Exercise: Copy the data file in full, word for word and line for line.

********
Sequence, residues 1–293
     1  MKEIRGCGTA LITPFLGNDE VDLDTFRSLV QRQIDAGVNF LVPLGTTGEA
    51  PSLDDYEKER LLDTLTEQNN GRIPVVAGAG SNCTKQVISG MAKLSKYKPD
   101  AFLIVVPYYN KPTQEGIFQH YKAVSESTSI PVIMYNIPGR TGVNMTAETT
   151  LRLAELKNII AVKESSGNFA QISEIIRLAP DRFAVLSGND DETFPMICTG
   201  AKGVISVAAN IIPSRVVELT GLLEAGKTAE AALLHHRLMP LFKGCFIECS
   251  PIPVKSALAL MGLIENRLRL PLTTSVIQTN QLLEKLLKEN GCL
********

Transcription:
Sequence, residues 1–293
     1  MKEIRGCGTA LITPFLGNDE VDLDTFRSLV QRQIDAGVNF LVPLGTTGEA
    51  PSLDDYEKER LLDTLTEQNN GRIPVVAGAG SNCTKQVISG MAKLSKYKPD
   101  AFLIVVPYYN KPTQEGIFQH YKAVSESTSI PVIMYNIPGR TGVNMTAETT
   151  LRLAELKNII AVKESSGNFA QISEIIRLAP DRFAVLSGND DETFPMICTG
   201  AKGVISVAAN IIPSRVVELT GLLEAGKTAE AALLHHRLMP LFKGCFIECS
   251  PIPVKSALAL MGLIENRLRL PLTTSVIQTN QLLEKLLKEN GCL